Mobile public gestures escape categorisation and challenge ideas.
This paper discusses the itinerant art practice of Auckland-based Layne Waerea. As Mãori lawyer turned performance artist, Waerea’s mobile public gestures escape clear categorisation; they are temporal and inscrutable. She will mow grass berms in the middle-class Auckland suburbs of Remuera and Orakei, advertise ‘free’ water on Queen Street, sell free air and create new Maori bus lanes. Her ‘injunctions’ (as she calls them) challenge ideas of artistic, legal and social discipline: Is she a council worker, is it street protest, Mãori subversion, performance art, legal protest, and so on?
Waerea’s mobile gestures in the public sphere might never gain or retain legitimacy. We cannot answer with any exactitude how they might return to the cultural archive. In a similar way, the ephemeral nature of performance art has often posed a similar dilemma to the disciplinary strictures of art and its collection as archive.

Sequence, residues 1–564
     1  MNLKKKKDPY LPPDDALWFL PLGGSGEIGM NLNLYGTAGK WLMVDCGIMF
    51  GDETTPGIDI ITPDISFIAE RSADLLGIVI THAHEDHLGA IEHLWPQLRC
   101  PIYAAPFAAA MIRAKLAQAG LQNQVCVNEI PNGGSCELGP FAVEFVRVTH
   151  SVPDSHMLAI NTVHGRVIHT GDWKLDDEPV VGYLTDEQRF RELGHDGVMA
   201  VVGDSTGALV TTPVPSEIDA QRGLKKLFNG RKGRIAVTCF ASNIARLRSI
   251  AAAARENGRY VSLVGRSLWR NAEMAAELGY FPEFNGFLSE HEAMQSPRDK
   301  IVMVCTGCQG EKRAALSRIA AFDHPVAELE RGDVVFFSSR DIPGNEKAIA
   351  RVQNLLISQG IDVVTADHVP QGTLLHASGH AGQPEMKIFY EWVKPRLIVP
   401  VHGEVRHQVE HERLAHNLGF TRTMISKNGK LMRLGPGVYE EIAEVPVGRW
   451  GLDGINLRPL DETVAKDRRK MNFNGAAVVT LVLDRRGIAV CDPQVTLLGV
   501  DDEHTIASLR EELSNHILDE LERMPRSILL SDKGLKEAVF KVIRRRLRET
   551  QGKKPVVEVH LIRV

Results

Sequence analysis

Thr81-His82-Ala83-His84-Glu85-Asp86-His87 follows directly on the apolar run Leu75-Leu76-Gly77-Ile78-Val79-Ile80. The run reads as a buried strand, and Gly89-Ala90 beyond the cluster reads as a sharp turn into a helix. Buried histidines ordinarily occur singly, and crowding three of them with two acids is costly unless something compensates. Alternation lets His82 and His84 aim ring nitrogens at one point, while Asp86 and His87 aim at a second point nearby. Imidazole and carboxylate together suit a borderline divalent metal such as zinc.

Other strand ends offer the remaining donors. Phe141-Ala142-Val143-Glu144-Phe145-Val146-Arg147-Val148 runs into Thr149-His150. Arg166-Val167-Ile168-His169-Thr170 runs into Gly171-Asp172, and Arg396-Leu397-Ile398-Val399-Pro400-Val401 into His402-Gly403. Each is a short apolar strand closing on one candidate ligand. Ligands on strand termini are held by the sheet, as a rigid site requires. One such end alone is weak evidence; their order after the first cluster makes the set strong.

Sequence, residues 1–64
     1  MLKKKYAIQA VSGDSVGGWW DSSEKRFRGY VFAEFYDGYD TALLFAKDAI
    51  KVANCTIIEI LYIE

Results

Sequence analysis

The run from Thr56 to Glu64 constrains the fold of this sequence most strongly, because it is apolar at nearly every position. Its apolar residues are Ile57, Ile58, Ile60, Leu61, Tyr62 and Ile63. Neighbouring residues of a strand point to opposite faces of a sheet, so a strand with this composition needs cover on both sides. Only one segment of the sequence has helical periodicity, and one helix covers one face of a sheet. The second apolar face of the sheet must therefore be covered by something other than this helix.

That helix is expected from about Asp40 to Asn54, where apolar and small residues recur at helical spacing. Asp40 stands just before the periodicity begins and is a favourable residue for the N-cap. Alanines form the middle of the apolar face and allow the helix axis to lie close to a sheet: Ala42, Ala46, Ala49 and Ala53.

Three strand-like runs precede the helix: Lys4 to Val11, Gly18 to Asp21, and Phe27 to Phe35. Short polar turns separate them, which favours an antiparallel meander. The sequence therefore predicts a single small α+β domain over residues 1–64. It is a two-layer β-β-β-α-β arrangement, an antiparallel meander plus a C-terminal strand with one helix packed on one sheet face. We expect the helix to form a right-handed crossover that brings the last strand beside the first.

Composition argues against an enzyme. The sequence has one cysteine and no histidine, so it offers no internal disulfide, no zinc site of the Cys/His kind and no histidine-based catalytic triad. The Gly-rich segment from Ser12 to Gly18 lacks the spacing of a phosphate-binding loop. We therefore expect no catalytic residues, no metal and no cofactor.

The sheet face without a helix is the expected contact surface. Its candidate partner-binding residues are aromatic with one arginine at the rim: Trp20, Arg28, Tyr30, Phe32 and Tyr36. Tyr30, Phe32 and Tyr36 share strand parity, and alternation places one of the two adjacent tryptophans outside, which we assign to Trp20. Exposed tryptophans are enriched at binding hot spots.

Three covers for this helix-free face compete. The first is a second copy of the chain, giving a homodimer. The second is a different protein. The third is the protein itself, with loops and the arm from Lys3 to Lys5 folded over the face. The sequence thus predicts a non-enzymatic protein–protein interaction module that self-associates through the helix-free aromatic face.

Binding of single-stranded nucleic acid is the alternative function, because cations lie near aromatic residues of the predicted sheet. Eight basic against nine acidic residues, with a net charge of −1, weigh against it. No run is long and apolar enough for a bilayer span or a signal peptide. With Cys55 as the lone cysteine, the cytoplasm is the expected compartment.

I argue that this mobile and peripatetic performance work creates tensions of global relevance to do with the rights of indigenous groups and the role of art practice in the not-so-classifiable arena of the public social sphere. I will resurrect some slightly forgotten theories of Australian academic Michael Carter, and his exploration of the codes of ‘public’ and ‘private’ circulation (public-public, public-private, private-public and private-private). For Carter, the Victorian male’s mobile circulation through and across cultural boundaries of the home, club, office and brothel, lent him itinerant power. Accordingly, a question of the power of performance (as performative action and utterance) is foremost as I critically engage with Layne Waerea as itinerant female-Mãori-artist-activist (of sorts).
Layne Waerea (2012) Maori Lane. Performance still, Auckland.
Layne Waerea (2010) Berm #14. Performance still, Auckland.
Layne Waerea (2012) Waitangi Day Spin. Performance still, Auckland.